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Academic Honesty in an Electronic Learning Environment

Sources
Copyright Status
Fair Use
Citing Sources

Example from a Term Paper Mill

Everywhere you look there are computer games, but it just isn’t the fun computer games anymore, they are making more and more learning programs.

Technology is a positive influence in the education field, from 123 Help Me

 

Sources of Public Domain Media

Copyrights have a limited life, or duration, but can be renewed or transferred. When a work is no longer owned, it is said to be in the public domain. 

These sites are relatively trustworthy or attempt to explain the status of a work.

Wikipedia Public Domain Image Resources

  • Use extra-caution.  Because there are multiple authors, some entries may not be as reliable as others.
  • Provides subject category organization of links to federal government sites.  Government publications are in the public domain. 
  • For sites other than .gov, annotations attempt to explain use restrictions.

flickr photo sharing

  • Open site where anyone can post pictures. 
  • The site is searchable using key terms, or tags, assigned by the individual posting.
  • Flickr posts use Creative Commons flexible licensing for creative works.
  • Each image explains license restrictions.

Verifying the Copyright Status

Copyright status (whether it is owned or in the public domain) is complicated.  Many web sites will promote free graphics or free music.  It is your duty to verify the status of a copyrighted work. 

If your photo source makes it difficult to ascertain the ownership, move to another source.

Determining What's Fair Use

A four factor tests helps determine what is fair under the Copyright Act of 1976.

1) How much are you using?

The portion of the work is limited to

  • Motion Pictures: 10% or 3 minutes
  • Text: 10% or 1000 words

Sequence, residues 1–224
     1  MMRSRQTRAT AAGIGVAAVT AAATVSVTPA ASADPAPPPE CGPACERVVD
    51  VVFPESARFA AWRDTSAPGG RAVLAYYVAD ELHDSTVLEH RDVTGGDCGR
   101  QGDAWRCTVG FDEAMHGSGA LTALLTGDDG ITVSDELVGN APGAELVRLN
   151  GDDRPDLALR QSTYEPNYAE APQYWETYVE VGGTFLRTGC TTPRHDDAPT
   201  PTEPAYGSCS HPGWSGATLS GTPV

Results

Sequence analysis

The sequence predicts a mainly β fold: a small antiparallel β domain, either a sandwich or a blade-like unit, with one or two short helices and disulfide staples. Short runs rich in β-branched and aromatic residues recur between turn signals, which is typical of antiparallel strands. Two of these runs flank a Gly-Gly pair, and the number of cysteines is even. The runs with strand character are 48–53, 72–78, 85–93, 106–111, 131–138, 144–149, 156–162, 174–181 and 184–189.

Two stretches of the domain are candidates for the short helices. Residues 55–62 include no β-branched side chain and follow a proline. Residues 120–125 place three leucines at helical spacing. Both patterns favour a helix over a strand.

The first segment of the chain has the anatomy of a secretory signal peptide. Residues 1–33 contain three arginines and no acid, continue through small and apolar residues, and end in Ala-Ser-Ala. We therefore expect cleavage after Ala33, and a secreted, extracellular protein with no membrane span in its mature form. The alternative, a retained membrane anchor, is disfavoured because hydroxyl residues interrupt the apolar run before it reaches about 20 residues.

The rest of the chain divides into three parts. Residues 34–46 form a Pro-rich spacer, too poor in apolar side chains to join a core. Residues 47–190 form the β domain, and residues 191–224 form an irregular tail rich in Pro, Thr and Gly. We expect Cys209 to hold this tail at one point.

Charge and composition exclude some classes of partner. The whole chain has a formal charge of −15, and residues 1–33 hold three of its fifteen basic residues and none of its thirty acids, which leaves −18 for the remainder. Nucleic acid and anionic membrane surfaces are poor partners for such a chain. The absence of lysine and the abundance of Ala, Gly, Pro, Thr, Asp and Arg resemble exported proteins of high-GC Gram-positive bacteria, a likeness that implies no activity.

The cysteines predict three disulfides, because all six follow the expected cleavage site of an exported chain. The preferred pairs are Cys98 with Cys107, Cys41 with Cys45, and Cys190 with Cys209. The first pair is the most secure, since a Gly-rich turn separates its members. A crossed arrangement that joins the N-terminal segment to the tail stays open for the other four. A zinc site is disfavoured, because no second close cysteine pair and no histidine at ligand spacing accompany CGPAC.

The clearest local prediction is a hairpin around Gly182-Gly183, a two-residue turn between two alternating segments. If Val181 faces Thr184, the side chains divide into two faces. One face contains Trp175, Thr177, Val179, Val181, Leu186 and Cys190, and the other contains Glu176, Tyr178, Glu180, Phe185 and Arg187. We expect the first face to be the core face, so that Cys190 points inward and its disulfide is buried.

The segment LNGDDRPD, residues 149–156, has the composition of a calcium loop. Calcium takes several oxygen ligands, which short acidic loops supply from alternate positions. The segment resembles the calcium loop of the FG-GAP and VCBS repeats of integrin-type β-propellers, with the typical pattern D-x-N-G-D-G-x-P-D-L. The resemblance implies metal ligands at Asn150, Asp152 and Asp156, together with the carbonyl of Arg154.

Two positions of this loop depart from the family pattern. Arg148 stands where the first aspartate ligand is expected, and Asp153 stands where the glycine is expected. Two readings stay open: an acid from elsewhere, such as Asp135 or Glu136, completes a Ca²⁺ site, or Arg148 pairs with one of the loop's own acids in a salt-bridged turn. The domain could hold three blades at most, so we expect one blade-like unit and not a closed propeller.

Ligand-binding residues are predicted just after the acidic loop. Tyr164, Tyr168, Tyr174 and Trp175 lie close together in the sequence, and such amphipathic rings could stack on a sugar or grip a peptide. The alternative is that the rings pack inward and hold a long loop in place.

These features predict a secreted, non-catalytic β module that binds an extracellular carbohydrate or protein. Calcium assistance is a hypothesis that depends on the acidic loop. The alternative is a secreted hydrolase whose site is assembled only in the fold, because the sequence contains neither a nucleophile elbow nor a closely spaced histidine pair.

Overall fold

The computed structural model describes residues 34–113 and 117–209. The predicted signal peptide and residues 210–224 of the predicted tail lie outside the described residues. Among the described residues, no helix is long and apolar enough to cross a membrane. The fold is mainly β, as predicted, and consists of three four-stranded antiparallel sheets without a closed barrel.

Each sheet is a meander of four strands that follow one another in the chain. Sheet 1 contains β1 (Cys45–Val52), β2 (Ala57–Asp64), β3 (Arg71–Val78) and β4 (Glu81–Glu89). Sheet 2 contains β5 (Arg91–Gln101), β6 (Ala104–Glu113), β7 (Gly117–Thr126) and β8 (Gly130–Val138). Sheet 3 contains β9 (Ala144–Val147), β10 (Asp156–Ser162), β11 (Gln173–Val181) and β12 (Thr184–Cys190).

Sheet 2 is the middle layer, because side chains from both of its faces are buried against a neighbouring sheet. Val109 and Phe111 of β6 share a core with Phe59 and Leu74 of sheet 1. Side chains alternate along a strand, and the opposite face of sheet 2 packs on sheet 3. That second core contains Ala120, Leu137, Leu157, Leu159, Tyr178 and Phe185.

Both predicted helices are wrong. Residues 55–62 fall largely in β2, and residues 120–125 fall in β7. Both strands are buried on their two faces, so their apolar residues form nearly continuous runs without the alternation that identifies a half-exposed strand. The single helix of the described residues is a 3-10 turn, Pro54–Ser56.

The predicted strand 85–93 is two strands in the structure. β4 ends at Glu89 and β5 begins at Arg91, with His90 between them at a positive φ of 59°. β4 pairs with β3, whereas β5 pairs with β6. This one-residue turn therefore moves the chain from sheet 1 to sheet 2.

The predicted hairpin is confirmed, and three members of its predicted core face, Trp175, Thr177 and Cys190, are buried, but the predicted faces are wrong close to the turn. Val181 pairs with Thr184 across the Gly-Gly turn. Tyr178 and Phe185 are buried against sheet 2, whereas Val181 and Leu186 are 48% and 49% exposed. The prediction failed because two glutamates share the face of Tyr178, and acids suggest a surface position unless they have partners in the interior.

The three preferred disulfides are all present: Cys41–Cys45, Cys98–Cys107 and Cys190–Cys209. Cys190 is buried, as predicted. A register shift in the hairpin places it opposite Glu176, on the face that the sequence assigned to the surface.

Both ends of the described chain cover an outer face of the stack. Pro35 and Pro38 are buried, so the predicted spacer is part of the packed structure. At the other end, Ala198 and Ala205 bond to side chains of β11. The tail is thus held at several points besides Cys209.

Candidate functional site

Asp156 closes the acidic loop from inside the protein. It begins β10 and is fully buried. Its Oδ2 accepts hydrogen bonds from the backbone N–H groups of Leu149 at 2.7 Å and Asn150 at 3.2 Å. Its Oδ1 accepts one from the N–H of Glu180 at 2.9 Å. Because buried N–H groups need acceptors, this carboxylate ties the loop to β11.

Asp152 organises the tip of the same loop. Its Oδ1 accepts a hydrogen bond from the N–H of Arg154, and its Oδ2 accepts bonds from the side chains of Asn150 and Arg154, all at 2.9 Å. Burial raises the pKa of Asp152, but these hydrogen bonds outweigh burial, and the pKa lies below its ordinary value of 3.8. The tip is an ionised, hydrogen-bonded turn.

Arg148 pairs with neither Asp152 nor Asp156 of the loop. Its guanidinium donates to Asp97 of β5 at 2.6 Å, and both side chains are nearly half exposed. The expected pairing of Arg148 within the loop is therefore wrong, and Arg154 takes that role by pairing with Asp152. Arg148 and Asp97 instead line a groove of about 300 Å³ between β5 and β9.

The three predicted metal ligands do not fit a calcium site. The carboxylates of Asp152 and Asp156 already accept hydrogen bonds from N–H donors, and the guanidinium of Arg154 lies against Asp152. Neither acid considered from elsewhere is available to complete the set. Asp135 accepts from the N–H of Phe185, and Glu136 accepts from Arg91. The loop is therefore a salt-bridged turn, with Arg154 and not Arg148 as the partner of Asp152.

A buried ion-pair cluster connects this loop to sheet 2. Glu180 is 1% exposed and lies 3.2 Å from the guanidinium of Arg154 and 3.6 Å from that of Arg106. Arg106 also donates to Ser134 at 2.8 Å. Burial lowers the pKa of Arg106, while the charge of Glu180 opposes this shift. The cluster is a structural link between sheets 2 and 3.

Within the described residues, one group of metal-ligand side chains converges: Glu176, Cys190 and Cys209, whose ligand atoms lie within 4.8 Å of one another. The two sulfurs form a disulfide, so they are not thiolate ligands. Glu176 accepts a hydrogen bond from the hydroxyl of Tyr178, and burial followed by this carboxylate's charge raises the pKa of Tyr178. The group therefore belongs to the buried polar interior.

• Music: 10%, but no more than 30 seconds
  • Illustrations and photos: No more than 5 images per artist in one project per academic semester.
  • Data sets: Up to 10% or 2500 fields or cell entries.

2) What is the purpose?

The Fair Use Doctrine allows use of materials without permission for the purposes of teaching, research, scholarship, criticism, news reporting, or comment.

Uses for educational purposes weigh in the favor of fairness over commercial uses.

3) What is the nature of the work?

It is more fair to use fact-based materials than those created with imagination.

4) What is the economic impact to the creator?

The extent to which your use will impact the market of a work that is available for purchase is weighed.

Citing Digital Media Resources

Plan ahead.  For each piece of media, you will need to collect the following information:

  • Artist's name
  • Title of work
  • Date published
  • Title of collection
  • Web Address
  • Date item was located at address

Sample Citation:

Artist last name, first name, middle initial. Title of work. Date published. "Title of Collection." [Web address of resource] (Date item located).

Sources

How to Cite Electronic Resources from the Library of Congress explains how to cite video, audio, photos, & maps in MLA or Turabian Style.

Proposal for Educational Fair Use of Digital Images

Copyright Law of the United States of America and Related Laws Contained in Title 17 of the United States Code. (Circular 92).  Section 107.